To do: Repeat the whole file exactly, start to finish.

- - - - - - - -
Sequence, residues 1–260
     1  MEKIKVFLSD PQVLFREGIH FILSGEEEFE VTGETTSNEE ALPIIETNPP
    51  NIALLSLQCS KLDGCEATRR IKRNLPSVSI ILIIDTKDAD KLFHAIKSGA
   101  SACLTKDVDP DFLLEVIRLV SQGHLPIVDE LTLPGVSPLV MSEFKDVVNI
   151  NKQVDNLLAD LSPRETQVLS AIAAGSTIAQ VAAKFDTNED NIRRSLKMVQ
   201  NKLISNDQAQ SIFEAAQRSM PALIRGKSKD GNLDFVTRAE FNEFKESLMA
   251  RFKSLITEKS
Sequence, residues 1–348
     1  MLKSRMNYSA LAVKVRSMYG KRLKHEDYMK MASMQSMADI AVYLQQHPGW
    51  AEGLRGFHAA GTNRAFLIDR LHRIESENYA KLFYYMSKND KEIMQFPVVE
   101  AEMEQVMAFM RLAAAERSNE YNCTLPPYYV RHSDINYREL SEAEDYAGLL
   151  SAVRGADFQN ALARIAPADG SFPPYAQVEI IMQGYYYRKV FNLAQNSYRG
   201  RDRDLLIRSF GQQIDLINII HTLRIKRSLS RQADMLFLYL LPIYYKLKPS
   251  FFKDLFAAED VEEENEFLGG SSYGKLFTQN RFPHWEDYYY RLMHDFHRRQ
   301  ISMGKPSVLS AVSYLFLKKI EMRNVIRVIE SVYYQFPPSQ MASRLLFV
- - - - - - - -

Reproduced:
Sequence, residues 1–260
     1  MEKIKVFLSD PQVLFREGIH FILSGEEEFE VTGETTSNEE ALPIIETNPP
    51  NIALLSLQCS KLDGCEATRR IKRNLPSVSI ILIIDTKDAD KLFHAIKSGA
   101  SACLTKDVDP DFLLEVIRLV SQGHLPIVDE LTLPGVSPLV MSEFKDVVNI
   151  NKQVDNLLAD LSPRETQVLS AIAAGSTIAQ VAAKFDTNED NIRRSLKMVQ
   201  NKLISNDQAQ SIFEAAQRSM PALIRGKSKD GNLDFVTRAE FNEFKESLMA
   251  RFKSLITEKS
Sequence, residues 1–348
     1  MLKSRMNYSA LAVKVRSMYG KRLKHEDYMK MASMQSMADI AVYLQQHPGW
    51  AEGLRGFHAA GTNRAFLIDR LHRIESENYA KLFYYMSKND KEIMQFPVVE
   101  AEMEQVMAFM RLAAAERSNE YNCTLPPYYV RHSDINYREL SEAEDYAGLL
   151  SAVRGADFQN ALARIAPADG SFPPYAQVEI IMQGYYYRKV FNLAQNSYRG
   201  RDRDLLIRSF GQQIDLINII HTLRIKRSLS RQADMLFLYL LPIYYKLKPS
   251  FFKDLFAAED VEEENEFLGG SSYGKLFTQN RFPHWEDYYY RLMHDFHRRQ
   301  ISMGKPSVLS AVSYLFLKKI EMRNVIRVIE SVYYQFPPSQ MASRLLFV